After traveling back to the United States, Vega began participating in community-service activities and getting involved with student organizations on her campus. “I think that was the defining moment for me, because I realized just how much I loved talking to the community about access to higher education and domestic-violence services, access for farm workers and access to labor-law information,” she says. Drawing a parallel to her work as a translator while growing up in Salinas, she adds, “It was empowering to me because it brought me back to what I’ve always done—translating complicated information and simplifying it for the community.”

This was a pivotal point for Vega, and it was here that she first considered becoming a lawyer. She did not view this change as a big jump. “For me, law school was never a farfetched idea or goal, because it’s intrinsically tied to what I do and what immigrant communities are accustomed to doing.” For Vega, immigrant communities have the goal of trailblazing for those that follow.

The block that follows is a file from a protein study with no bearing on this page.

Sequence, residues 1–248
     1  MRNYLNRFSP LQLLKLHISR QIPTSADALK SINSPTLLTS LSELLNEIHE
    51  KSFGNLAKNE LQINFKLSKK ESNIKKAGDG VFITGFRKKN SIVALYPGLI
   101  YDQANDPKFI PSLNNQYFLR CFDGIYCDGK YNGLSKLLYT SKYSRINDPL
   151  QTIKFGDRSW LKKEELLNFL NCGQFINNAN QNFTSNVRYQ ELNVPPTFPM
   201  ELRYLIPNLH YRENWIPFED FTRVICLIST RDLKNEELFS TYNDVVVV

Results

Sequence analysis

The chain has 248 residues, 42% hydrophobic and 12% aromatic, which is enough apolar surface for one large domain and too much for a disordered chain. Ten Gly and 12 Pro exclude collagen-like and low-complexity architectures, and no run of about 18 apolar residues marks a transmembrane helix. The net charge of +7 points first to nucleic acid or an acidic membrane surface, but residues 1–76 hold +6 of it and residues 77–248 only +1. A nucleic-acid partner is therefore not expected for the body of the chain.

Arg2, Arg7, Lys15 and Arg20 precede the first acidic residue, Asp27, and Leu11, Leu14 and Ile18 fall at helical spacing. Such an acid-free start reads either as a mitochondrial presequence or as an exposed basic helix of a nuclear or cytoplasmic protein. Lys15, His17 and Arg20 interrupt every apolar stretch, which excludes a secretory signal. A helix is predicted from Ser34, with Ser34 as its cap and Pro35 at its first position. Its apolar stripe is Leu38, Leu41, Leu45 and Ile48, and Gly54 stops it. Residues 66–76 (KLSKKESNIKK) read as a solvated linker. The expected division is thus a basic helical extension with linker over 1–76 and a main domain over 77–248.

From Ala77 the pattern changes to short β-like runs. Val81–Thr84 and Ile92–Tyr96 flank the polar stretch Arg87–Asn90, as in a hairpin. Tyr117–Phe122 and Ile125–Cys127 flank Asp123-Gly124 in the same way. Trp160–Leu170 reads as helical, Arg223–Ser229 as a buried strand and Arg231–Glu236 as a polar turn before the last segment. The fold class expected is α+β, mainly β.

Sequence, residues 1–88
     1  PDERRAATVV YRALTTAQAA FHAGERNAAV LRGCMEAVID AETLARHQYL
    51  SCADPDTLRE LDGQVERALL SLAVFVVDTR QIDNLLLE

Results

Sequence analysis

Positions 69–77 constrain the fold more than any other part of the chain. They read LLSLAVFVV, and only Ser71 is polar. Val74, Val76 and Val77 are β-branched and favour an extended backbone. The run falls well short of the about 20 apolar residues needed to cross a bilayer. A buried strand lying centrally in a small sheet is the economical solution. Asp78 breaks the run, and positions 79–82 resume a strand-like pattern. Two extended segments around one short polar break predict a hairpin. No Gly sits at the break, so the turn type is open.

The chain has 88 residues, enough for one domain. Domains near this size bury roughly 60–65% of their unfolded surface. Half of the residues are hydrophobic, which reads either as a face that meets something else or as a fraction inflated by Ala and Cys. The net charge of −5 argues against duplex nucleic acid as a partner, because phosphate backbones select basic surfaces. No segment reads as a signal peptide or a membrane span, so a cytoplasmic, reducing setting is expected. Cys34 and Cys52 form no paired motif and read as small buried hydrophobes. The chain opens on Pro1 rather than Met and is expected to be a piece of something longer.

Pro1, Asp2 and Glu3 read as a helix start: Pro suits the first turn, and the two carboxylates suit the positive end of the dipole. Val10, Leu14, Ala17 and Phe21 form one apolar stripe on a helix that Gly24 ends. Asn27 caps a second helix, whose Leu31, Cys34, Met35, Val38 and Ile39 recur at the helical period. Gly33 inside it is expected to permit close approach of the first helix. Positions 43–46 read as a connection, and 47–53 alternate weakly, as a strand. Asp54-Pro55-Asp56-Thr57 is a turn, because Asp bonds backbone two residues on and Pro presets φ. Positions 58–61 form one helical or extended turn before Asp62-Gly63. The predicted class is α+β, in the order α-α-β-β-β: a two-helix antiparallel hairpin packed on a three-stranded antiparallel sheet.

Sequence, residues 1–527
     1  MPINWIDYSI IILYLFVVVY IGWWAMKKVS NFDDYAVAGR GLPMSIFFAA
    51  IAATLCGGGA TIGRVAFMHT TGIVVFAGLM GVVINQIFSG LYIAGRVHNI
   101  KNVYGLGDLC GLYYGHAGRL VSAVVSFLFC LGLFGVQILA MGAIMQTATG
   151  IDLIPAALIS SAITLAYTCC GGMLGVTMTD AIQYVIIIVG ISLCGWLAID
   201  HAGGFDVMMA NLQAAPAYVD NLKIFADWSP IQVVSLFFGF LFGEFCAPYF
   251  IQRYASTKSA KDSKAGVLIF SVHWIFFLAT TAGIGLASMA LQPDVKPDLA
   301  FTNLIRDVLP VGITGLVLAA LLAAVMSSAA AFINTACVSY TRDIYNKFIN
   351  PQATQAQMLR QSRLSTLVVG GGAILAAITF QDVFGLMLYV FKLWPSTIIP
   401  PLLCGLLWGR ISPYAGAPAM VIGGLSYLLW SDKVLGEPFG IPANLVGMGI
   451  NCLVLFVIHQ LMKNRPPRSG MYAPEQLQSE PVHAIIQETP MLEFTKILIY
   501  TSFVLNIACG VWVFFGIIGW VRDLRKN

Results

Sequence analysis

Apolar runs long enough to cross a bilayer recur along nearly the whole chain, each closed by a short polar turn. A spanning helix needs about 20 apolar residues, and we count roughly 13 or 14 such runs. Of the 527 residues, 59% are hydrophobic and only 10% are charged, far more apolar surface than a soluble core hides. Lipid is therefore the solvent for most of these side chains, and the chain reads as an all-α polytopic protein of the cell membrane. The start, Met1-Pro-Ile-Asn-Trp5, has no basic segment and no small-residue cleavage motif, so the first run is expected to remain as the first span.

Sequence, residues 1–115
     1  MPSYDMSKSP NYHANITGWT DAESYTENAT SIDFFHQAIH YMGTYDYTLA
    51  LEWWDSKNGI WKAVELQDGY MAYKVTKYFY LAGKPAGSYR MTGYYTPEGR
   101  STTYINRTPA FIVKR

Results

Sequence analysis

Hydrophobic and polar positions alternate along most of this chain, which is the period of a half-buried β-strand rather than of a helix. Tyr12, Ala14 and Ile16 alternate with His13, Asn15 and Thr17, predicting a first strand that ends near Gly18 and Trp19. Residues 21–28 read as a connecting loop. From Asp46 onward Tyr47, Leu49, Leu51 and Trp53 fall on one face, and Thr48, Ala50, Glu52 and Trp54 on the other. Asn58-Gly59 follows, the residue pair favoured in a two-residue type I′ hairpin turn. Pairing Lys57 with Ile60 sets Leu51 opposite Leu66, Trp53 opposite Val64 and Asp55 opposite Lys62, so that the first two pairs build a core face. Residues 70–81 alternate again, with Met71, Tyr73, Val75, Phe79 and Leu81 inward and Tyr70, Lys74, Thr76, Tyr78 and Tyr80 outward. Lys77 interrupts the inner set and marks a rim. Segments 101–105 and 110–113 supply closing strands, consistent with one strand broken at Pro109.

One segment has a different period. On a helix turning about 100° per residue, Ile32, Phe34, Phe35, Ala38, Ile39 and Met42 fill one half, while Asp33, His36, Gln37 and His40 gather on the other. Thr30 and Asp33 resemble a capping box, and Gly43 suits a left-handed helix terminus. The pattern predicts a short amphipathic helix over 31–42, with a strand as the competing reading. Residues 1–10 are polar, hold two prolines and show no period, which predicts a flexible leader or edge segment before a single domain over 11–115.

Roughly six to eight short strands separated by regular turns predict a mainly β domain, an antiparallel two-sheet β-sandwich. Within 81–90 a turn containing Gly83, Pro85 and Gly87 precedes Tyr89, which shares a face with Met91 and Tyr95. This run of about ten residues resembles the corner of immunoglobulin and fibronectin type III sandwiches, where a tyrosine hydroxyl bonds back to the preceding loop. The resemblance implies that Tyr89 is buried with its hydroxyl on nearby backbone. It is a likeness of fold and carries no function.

“We pave the way for others, and we facilitate the process for our own,” she says.

After graduating from undergrad, Vega began to consider law schools. Although she was determined to keep an open mind, she was leaning toward immigration law. Looking for schools with some of the best immigration-law clinics, she applied all over the country and was accepted to the University of Idaho School of Law. Since starting law school, Vega has been able to participate in the school’s law clinic, where she has been exposed to cases involving real clients who were going through issues in the immigration system.

Oftentimes, navigating America’s complex legal system can be terrifying, even with the best and brightest retaining good lawyers to help. However, imagine the same scenario, except you are an immigrant in a strange land. The confusion is bound to increase.

At the University of Idaho, Vega had the opportunity to help with the case of a juvenile from Central America, who had immigrated to the United States as an unaccompanied minor. Because of the juvenile’s age and status, the case was more complicated than a standard immigration issue. In the end, though, Vega was able to enjoy a success, as her clinic successfully resolved the case.